opposition lawmaker hryhory omelchenko claimed on sept. 30 that the recording was an excerpt of a longer recording that includes proof of illegal arms sale to countries under u.n. embargo other than iraq.

omelchenko, who also promised to release bank transaction details soon, directed journalists to an internet site, for proof.

the site featured a transcribed nine-minute conversation in which kuchma discusses not only the kolchuga sale to iraq, but also a deal to repair libya’s mig-25 fighter jets. in the conversation published on the site, kuchma gives malev permission to bypass the state service for export control for the deal.

on oct. 2, the site published another eye-catching transcription, this one involving arms sales to iran. the transcription, allegedly from a recording dated may 2, 2000, documents kuchma approving the sale of grad multiple-launch rocket system to tehran., which was visited by over 10,000 people on oct. 1, is the brainchild of peter lyuty, also known as yury shvets, a former senior kgb intelligence analyst who specialized in political and economic risk analysis before emigrating to the united states in 1993. since then, he has served as a consultant to the u.s, department of justice on sensitive law-enforcement issues concerned with russian organized crime and corruption.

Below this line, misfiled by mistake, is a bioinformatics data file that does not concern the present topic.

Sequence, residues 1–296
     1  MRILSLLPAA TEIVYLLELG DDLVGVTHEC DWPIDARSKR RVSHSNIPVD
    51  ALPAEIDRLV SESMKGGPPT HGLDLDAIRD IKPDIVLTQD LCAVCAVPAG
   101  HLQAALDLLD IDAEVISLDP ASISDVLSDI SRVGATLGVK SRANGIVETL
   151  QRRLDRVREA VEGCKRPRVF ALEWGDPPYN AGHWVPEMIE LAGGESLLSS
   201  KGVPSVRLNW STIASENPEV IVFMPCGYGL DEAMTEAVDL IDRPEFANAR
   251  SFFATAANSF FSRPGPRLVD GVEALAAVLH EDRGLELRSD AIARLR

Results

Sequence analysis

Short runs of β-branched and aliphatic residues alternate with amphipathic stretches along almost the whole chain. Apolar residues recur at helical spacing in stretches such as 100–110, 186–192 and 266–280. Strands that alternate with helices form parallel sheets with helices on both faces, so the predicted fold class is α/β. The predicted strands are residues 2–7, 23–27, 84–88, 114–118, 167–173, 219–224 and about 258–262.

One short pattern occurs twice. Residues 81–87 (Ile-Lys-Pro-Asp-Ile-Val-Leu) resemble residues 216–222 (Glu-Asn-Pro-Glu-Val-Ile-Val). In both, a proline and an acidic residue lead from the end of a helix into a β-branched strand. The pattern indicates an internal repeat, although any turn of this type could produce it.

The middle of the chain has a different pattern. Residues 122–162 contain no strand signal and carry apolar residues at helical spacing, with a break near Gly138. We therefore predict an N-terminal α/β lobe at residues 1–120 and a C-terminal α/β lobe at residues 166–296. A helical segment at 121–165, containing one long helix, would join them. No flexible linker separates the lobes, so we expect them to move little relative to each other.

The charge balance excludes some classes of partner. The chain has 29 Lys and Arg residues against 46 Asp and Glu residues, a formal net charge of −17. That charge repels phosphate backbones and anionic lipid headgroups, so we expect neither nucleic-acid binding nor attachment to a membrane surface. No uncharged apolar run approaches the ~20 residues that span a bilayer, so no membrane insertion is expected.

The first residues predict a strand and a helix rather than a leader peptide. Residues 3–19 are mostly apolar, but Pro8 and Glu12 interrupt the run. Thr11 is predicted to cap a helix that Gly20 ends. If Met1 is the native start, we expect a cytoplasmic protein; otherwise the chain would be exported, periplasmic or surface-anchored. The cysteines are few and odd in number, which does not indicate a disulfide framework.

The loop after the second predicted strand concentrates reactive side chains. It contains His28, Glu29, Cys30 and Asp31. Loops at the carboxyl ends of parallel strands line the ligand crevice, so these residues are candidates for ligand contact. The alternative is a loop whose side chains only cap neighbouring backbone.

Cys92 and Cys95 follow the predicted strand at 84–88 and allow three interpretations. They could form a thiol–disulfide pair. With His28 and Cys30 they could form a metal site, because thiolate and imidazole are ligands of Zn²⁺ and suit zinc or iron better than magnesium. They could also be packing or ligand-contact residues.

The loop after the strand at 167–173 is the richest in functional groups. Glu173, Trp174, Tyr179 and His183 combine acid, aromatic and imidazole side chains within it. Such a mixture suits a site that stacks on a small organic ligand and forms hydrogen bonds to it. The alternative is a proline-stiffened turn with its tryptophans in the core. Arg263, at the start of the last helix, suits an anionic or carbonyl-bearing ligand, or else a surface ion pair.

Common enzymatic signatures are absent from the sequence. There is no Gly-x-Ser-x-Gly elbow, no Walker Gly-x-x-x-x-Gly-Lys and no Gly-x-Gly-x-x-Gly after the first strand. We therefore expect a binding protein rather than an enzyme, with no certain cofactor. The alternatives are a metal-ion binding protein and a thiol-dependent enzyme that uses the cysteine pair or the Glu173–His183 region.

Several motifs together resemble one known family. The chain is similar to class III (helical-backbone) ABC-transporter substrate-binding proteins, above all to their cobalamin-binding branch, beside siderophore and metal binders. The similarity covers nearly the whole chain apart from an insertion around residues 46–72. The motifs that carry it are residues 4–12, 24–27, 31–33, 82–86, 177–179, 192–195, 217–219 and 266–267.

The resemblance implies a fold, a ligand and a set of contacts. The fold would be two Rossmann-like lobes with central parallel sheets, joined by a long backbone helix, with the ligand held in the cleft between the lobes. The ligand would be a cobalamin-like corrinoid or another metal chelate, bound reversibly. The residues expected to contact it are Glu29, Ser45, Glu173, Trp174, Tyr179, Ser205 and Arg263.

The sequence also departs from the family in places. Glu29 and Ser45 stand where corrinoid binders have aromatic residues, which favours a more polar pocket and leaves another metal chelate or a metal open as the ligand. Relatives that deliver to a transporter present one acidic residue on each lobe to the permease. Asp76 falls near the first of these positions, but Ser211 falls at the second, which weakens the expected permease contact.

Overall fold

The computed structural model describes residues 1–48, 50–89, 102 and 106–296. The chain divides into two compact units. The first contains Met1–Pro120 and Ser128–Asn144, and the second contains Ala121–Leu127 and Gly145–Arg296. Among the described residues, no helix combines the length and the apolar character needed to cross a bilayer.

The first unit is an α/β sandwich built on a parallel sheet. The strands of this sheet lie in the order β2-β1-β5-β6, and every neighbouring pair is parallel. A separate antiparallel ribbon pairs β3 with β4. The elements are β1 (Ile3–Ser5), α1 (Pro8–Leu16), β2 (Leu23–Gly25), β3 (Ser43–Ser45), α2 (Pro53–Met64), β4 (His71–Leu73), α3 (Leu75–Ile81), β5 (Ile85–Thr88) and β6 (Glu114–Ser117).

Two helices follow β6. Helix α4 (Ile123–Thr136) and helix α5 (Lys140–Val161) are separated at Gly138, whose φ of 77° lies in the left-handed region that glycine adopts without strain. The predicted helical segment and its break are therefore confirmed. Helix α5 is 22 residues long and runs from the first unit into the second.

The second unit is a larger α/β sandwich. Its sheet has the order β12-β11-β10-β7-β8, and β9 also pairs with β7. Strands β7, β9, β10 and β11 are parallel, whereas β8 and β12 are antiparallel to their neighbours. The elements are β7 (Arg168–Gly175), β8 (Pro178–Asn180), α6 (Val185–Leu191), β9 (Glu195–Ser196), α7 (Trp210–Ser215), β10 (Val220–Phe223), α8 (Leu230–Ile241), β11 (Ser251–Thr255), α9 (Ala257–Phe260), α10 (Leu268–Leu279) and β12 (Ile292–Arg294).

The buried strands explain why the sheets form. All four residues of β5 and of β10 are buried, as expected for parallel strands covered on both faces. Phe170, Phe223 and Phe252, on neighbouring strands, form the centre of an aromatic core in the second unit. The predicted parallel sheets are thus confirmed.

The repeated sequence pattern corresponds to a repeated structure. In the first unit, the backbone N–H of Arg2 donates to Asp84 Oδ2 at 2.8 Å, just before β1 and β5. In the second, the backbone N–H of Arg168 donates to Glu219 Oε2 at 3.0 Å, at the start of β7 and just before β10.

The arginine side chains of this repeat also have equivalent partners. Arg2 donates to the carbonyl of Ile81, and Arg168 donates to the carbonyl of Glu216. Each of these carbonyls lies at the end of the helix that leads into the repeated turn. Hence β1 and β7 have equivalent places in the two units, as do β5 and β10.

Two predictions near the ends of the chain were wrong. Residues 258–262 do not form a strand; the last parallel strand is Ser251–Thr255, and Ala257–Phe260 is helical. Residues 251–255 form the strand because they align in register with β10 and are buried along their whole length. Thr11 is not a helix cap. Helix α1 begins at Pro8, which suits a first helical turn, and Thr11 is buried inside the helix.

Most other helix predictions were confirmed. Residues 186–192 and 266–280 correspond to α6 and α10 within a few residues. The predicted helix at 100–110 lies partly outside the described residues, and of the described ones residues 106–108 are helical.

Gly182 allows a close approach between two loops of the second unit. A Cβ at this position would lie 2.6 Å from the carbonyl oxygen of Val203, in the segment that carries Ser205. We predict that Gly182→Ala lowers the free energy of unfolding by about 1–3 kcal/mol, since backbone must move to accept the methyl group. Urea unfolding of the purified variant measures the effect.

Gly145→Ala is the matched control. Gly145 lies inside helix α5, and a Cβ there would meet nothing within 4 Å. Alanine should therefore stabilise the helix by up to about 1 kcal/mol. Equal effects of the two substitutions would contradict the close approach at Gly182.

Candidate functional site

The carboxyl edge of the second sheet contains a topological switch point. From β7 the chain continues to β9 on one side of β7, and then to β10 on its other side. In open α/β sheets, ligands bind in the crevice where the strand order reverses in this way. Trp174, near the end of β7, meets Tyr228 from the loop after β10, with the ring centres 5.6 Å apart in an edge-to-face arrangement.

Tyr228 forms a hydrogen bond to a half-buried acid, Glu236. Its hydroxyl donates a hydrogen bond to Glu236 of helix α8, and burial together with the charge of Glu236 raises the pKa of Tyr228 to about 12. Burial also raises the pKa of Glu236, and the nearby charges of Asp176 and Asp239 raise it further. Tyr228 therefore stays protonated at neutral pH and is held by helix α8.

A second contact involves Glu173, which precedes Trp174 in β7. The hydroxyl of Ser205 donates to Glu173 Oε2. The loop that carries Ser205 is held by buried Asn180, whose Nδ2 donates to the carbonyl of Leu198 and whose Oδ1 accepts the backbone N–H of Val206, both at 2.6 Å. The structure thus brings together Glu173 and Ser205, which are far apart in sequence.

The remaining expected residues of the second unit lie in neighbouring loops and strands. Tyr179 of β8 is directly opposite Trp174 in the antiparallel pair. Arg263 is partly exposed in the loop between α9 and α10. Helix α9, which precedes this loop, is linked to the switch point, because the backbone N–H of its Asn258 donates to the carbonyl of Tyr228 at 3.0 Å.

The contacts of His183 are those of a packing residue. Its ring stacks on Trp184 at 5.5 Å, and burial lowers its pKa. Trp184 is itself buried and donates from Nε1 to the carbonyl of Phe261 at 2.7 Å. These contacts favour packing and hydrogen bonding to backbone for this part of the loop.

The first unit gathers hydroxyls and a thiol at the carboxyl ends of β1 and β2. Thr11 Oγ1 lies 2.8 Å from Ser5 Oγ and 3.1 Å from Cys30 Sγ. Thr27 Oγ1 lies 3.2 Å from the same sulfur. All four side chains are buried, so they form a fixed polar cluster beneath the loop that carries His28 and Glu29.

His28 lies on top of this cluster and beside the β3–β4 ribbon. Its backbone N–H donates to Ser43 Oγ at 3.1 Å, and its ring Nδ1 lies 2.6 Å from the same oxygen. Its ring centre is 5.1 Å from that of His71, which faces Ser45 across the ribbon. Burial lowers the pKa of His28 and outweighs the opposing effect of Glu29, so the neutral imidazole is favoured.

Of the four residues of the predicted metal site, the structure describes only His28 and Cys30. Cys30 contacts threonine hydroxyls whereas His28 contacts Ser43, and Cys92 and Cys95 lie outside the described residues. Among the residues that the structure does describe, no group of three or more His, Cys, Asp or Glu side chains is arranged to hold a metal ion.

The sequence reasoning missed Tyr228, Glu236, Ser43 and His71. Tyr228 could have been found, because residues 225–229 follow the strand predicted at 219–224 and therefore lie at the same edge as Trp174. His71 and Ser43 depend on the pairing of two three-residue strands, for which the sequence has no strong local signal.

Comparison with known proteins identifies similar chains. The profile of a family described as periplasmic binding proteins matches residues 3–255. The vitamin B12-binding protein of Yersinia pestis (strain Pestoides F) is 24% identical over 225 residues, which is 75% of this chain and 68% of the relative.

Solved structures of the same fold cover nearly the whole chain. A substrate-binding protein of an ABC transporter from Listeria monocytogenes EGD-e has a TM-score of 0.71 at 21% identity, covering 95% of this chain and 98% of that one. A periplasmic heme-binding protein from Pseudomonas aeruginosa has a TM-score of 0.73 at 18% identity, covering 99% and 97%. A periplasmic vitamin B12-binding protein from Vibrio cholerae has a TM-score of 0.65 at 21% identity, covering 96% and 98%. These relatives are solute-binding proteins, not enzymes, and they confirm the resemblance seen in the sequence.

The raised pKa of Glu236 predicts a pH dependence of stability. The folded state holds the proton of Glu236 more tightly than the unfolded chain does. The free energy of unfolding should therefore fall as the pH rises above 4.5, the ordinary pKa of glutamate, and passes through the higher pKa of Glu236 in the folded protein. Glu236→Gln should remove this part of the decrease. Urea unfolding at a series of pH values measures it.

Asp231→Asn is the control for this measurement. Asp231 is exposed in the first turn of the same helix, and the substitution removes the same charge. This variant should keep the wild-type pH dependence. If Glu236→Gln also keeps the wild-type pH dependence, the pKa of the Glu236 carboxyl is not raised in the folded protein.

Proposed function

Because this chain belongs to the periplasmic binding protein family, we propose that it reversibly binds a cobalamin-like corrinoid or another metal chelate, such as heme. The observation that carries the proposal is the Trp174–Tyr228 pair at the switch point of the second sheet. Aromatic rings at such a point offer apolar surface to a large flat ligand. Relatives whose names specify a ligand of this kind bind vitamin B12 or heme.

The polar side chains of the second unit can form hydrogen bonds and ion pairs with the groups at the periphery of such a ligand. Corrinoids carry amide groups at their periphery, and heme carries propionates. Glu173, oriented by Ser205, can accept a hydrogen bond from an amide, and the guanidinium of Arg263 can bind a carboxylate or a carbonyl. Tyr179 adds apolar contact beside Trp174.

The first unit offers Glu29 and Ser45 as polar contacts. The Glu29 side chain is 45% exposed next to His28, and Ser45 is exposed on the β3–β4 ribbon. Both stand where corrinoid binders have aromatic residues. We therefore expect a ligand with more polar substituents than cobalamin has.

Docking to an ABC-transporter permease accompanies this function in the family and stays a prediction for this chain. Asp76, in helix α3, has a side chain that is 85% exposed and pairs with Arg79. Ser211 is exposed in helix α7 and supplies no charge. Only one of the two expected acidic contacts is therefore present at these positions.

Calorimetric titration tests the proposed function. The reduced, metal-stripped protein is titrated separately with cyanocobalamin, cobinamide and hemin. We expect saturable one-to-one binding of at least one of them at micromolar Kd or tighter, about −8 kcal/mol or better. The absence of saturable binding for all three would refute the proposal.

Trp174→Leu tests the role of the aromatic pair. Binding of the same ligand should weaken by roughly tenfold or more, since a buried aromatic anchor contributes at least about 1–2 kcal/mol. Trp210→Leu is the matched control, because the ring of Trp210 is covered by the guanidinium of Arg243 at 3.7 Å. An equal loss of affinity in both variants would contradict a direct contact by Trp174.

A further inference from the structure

lyuty assisted former deputy oleksandr zhyr in washington, d.c., to authenticate snippets of the melnychenko tapes, dating mostly from

zhyr, who was in charge of counter-espionage for ukraine’s secret service (sbu) in dnipropetrovsk oblast before becoming a deputy in 1994, told the post in a recent interview that he and lyuty had obtained copies of 700 hours of melnychenko’s recordings and the digital device used to make them. he said he intended to publish all of the recordings on the internet.

lyuty criticized melnychenko’s handling of the recordings and claimed the former bodyguard attempted to shut down the site. lyuty and zhyr would not provide details on how they received the recordings or the device.

urging openness

u.s. ambassador to ukraine carlos pascual said on sept. 27 that u.s. officials had notified the ukrainian embassy in washington and the foreign affairs ministry that his country authenticated only one recording about iraq.

pascual acknowledged that the timing of the disclosure was “very unfortunate,” as it come amid protests by thousands of ukrainians seeking kuchma’s ouster.

“this is not the kind of information you can put in a box, put on a shelf and wait for it to go away,” he said.

u.s. state department issued a statement the same day urging ukrainian officials to be as transparent and as forthcoming as possible.

“unfortunately, we do not believe that the government of ukraine has been candid with us in the past on this issue,” the state department said in the statement.

kuchma and other ukrainian officials have denied any radar systems were transferred to iraq and invited foreign governments, u.n. officials and arms experts to investigate.

“ukraine clearly defined its position concerning this issue: it invited all interested parties to decide the issue of checks,” foreign ministry spokesman serhy borodenkov said on oct. 1.

(october 2, 2002)